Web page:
Monday, 10 February 2020

We’re told to panic


The animal vs plant debate heats up as a meat-free diet is pitched as a key climate solution. We get the perspectives of two European food and social scientists, Frederic Leroy (Belgium) and Martin Cohen (UK).

The ‘narrative’ of the animal versus plant debate has grown so strong that those still questioning the principle risk being labeled ‘climate deniers’, conspiracy theorists, and egoists – all on the wrong side of history.

While our enemy (CO2) is out there terrorising the atmosphere, it resides within each of us. Because every single one of our activities generates the dreaded gas, every breath we take adds to the problem.

So, let us prepare for a new age of carbon-neutral. On the way, there will be many temptations: building a house (and heating it), driving a car, buying clothes and washing them, using a smart phone, keeping pets, and – horror! – having children. For many, it may seem too much to give up.

And perhaps it’s as well then, for an anxious world, that a scapegoat appears... LIVESTOCK! An excellent choice, as this has not only been its historical role, it is also a very convenient option. Not sugar, nor refined starches and seed oils, far fewer doughnuts or nuggets, but animals have been chosen as the chief sacrifice of the Great Food Transformation. Regardless of the fact that animal foods were part of our evolutionary diets or the shaky nutritional science behind their demonisation, the flocks and fowls are now said to cause chronic disease and are destroying the planet. Haven’t you heard that cows are worse than cars? Has not an Oxford academic said that eating a vegan diet is the “single biggest way” to reduce our environmental impact? Hasn’t a learned Harvard professor calculated that up to a third of early deaths could be prevented by everyone giving up meat?

Indeed, as a ‘leading member’ of the so-called EAT-Lancet ‘Commission’, this same professor has also designated a Planetary Health Diet that stipulates a daily ration of red meat ranging from a maximum of 14 grams to a virtuous ideal of zero. Impossible? Unrealistic? Yet haven’t the venerable universities of Cambridge and Coimbra banned red meat from their menus? Haven’t the United Nations awarded "Champions of the Earth" status to two companies that not only produce vegan burgers but have adopted a mission to eliminate the need for livestock. Truly, animal foods must be evil, if ultra-processed foods like these are to be preferred.

To the point then

With so much authority behind this push to plant-based eating, the expected benefit must be huge, mustn’t it? Yet, if a Westerner did decide to become vegetarian, his or her footprint would only decrease by 2-4%. That’s something, but not much. Moreover, even this shift comes with trade-offs, it will include consequences that could potentially be troublesome on a nutritional level. Put another way, if the entire United States went livestock-free, and if the complex changes in land use really did work out as speculated, that would decrease emissions by 2.6%, while also causing a deficiency in essential nutrients. Is the price worth it?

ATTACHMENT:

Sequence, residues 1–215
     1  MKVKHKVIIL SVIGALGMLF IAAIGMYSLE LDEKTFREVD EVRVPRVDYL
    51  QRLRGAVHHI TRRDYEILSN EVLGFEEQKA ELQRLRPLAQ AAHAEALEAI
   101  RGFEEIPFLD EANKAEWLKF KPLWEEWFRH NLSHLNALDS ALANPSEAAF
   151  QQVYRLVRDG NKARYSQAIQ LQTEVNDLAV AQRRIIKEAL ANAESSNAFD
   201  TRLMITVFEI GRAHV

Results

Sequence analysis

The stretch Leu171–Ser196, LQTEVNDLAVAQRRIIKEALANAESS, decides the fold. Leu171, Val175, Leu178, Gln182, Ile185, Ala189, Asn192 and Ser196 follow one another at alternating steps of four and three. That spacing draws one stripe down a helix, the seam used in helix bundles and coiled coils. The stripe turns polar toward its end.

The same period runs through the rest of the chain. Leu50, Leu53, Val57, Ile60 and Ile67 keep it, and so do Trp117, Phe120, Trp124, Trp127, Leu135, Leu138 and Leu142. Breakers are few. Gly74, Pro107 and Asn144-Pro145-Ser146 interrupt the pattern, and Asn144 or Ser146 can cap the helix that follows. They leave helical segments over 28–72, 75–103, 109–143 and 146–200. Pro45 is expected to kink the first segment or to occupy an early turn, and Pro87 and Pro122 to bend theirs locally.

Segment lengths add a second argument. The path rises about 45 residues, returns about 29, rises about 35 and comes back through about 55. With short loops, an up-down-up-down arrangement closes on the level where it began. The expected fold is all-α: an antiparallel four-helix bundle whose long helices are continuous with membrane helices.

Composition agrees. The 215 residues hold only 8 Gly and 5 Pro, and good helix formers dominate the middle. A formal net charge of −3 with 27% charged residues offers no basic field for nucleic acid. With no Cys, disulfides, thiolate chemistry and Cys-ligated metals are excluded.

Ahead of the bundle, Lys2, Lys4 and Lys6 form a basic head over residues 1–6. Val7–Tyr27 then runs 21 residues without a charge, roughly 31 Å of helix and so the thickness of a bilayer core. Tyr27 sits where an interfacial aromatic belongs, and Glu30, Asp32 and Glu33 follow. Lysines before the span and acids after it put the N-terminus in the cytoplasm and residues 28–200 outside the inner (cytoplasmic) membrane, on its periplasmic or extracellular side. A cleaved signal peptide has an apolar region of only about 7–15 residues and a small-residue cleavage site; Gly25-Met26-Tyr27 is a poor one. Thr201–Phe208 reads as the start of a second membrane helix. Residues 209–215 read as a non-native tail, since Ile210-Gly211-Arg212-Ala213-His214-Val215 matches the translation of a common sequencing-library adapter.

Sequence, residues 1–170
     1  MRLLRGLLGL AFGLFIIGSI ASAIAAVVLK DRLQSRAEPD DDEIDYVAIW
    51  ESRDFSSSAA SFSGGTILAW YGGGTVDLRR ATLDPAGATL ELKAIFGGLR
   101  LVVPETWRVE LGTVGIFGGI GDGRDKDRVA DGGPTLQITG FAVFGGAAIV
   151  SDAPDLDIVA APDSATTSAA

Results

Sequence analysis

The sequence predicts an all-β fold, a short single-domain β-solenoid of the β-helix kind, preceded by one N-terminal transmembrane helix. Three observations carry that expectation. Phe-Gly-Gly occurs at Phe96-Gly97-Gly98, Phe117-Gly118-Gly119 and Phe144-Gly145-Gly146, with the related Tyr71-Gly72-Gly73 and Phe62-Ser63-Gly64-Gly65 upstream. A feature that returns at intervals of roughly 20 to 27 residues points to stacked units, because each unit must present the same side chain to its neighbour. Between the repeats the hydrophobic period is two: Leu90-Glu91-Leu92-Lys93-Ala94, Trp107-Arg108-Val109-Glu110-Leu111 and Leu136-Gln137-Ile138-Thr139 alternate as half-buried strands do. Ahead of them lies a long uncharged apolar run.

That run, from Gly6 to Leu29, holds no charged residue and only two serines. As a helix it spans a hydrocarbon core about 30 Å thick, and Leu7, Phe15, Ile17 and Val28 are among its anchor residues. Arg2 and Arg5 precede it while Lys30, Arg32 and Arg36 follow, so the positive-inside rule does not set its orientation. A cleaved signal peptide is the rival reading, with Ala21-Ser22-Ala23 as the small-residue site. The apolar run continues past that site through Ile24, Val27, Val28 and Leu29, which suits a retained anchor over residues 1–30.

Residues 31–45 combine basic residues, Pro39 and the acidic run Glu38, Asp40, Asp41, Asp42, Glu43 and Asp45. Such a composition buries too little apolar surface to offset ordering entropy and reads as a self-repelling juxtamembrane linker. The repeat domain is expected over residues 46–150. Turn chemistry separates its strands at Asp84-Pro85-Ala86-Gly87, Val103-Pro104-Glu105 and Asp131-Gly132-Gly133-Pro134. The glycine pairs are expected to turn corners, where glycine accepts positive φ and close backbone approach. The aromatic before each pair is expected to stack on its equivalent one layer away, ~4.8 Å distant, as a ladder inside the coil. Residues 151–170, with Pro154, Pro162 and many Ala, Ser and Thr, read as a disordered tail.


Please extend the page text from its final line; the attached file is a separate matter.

Added to which, all this detracts from the critical issue of burning fossil fuels. Let’s be clear: yes, we do have a global responsibility to provide sustainable diets to future generations. Yes, we are facing a planetary crisis. And, no, not all is well with animal agriculture in its present form. But the same can be said about plant agriculture. For example, trendy avocados that drain the water supplies of villages in Chile and cashew nuts that leave Indian women with acid burns. Think of palm oil and almonds, or the greenhouse apocalypse in Almeria. 

Think of soil-depleting, biodiversity- compromising, chemically boosted monocultures.

If done well, plant and animal agriculture can be sustainable, regenerating the world’s soils while providing the global population with quality nutrition. But this is not about enough food quantity or about calories, or even protein, but about essential amino acids, vitamins and minerals. All too often, environmental comparisons are calculated per gram or per kilocalorie instead of per unit of true nutrition.

Giving up on livestock would deprive us of a range of exceptionally nutrient-dense foods and undermine our hopes for sustainable crop production. Not to mention livestock’s many other benefits. As the UN Food and Agriculture Organisation has pointed out, animal agriculture is perfectly compatible with sustainable development. Animals provide livelihoods, ecosystem services, manure, traction, use marginal land where crops can’t thrive, and build topsoil. They may today be identified as the problem by think tanks and elites but, as Ethiopia’s Minister of Agriculture wrote recently, they should be part of the solution instead.

Yes, there is work to be done to make animal agriculture truly sustainable, but it needs to be done through sound reform rather than the hubris of radical revolution. What is needed is a reconnection to traditional, holistic views on food systems updated with the best of science. What we don’t need is media-spun quick fixes and high-tech fantasy. Systemic change is required, but a breakthrough will never be achieved by placing the guilt and shame on the shoulders of individuals. Nor, indeed, on the weary shoulders of our animal companions for that matter.